The State of Deep Creek Lake, EWM shoreline survey summary – I 86 acres of Eurasian water milfoil (EWM) were mapped in a complete shoreline survey conducted July 9-10, 2012 –2.3% of the lake surface –5.8% of shallow (less than 6m deep) water –EWM co-occurred with other SAV species Northwest half of Deep Creek Lake
The State of Deep Creek Lake, EWM shoreline survey summary - II Transect data indicate no significant difference in percent cover of EWM between 2010, 2011 and/or 2012 Seen from the surface, other native submerged grasses are far more common, specifically Potamogetons and Vallisneria, which occupy virtually all of the lake shallows Southeast half of Deep Creek Lake
The State of Deep Creek Lake, 2012 Control options for EWM Most effective / lowest impact large scale (acres) control option is the use of herbicide 2,4-D (repeated application necessary over years) Cost of $500 to $1000/acre Can be used in spot treatments Low toxicity to most fish (some salts are highly toxic to trout), but might be an endocrine disruptor to aquatic vertebrates Localized control measures include benthic barriers or hand removal Care must be used to capture all hand-harvested removal to minimize spread Benthic barriers are expensive per unit area (4 installations in 2012; $ /mat – cost, install, removal), but very effective Hand removal is inexpensive and very low impact, but is inefficient Mechanical harvesting Expensive ($8-10,000 for two days) Risk of spreading EWM from fragments or introducing other SAV species carried in on equipment from other water bodies
The State of Deep Creek Lake, 2012 EWM Control options rejected / reasons Herbicides other than 2,4-D Some impacts to other SAV species and/or fish Less effective in DCL – due to the large lake volume ($ /acre) Biological controls Grass carp are illegal in Maryland Milfoil weevils havent been approved for importation into the state by Invasive Species Matrix Team –Risk of escape into Chesapeake / other waterbodies Very expensive ($1,000s per acre) –Efficacy uncertain in Deep Creek Lake –In other regions, EWM control is very slow –Controls are vulnerable to sunfish predation - DCL has a lot of sunfish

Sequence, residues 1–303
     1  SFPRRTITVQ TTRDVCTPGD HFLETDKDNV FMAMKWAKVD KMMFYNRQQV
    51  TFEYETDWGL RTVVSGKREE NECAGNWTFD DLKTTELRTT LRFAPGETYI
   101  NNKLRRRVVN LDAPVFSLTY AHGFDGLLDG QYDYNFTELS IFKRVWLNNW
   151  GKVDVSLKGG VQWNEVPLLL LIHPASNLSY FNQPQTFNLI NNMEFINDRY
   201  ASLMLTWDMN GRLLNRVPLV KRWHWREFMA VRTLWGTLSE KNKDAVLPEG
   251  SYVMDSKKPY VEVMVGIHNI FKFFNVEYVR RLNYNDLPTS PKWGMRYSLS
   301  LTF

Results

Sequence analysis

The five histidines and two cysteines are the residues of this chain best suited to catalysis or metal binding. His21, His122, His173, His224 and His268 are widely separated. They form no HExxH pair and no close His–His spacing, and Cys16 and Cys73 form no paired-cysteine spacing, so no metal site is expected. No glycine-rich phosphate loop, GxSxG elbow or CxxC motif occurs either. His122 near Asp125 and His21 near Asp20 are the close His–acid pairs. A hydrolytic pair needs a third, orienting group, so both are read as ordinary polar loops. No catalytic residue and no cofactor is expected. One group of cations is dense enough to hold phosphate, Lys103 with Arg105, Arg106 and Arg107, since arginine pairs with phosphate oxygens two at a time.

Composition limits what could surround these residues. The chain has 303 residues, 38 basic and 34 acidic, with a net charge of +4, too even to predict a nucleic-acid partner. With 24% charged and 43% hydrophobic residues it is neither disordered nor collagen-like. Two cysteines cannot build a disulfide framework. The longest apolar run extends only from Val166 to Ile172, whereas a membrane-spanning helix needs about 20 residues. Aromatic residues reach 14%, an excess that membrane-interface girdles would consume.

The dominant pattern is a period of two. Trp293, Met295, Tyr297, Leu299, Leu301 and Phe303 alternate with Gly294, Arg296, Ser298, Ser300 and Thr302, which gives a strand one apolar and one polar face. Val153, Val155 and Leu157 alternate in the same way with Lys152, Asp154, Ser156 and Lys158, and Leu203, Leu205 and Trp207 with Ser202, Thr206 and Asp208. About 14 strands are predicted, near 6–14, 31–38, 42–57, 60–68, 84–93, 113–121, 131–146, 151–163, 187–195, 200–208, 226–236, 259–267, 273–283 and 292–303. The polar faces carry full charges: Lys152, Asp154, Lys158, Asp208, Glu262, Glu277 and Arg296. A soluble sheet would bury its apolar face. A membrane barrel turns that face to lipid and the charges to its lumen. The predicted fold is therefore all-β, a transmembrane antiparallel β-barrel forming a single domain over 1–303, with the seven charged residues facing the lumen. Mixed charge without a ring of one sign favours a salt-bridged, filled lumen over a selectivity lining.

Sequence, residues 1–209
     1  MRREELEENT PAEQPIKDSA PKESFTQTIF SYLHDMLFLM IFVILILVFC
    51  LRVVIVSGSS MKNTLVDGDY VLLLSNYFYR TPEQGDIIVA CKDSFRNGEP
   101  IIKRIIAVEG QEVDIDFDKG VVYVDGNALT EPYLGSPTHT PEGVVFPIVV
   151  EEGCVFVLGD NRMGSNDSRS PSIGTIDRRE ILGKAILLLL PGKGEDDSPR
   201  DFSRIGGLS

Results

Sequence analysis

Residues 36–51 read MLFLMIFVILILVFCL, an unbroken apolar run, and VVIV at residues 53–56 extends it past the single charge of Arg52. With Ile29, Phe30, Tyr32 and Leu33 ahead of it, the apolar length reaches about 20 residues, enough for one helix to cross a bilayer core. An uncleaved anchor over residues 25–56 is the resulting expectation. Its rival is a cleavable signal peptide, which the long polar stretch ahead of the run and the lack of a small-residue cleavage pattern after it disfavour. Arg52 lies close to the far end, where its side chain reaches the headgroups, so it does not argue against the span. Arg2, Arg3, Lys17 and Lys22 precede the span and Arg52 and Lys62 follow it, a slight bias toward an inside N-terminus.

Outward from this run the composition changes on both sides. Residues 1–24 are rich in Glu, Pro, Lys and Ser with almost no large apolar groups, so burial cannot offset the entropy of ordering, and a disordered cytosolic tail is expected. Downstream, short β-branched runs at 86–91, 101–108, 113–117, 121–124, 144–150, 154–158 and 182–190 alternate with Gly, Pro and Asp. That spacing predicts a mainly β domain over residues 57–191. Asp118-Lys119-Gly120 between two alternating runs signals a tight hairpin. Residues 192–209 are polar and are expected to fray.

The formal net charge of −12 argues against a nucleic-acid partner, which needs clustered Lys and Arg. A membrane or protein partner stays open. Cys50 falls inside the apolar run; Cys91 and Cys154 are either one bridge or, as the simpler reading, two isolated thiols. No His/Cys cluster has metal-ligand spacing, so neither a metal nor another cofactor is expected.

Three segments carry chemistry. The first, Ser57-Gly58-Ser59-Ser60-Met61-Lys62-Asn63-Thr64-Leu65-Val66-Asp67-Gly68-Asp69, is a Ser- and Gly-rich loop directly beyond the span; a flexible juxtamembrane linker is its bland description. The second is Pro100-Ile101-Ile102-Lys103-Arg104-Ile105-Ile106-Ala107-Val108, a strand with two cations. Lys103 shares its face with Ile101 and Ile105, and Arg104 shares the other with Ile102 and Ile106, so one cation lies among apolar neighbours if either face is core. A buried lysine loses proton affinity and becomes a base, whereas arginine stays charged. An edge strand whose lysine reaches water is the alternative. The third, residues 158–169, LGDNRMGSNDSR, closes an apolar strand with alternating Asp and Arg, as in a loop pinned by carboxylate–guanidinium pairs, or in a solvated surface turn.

The State of Deep Creek Lake, 2012 Going forward… Continue transect surveys at 6 locations in the lake (3 times per year) Monitor / assess Eurasian water milfoil –Complete statistical analyses –Conduct 2 nd targeted EWM survey in June 2013 Implement pilot control actions –Monitor results to guide future actions
The State of Deep Creek Lake, 2012 Pilot project proposed to evaluate effectiveness of EWM control measures in selected Deep Creek Lake sites –Herbicide (2,4-D) control – location TBD –Harvest of limited areas – location TBD
The State of Deep Creek Lake, 2012 Sedimentation Phase II – DCL Sediment Plan
The State of Deep Creek Lake, 2012 Lake Sediments - Completed Field Work April Field Work –Sub-bottom seismic survey and bathymetry collected along transects throughout the lake. –Complete sidescan sonar imagery of the lake and GPS-referenced shoreline video inventory May-September Data processing / analysis –QA/QC and processing/correcting and interpretation of data results –Identify areas of sedimentation / no sedimentation using sidescan imagery, bathymetric comparisons, and sub-bottom seismic data. October 2012 – Field Work –Collected 42 sediment cores throughout lake and analyzed selected cores and deposited sediment for chemicals and pollutants. All samples were determined and documented to have no pollutants at detectable and reportable levels. –Alternatives Analysis and Sediment Reduction contracts have been written and are awaiting the bidding process.
The State of Deep Creek Lake, 2012 Sub-Bottom Seismic/Bathymetry Survey Coverage
The State of Deep Creek Lake, 2012 Sediment Cores –42 Cores collected throughout lake –Core lengths ranged from 0 (Rock confirmation) to 7 feet in length. The average collected length of each core was 3 feet. –Cores were described, photographed, and sampled. Select samples are being analyzed for pollutants, chemical properties, and physical properties.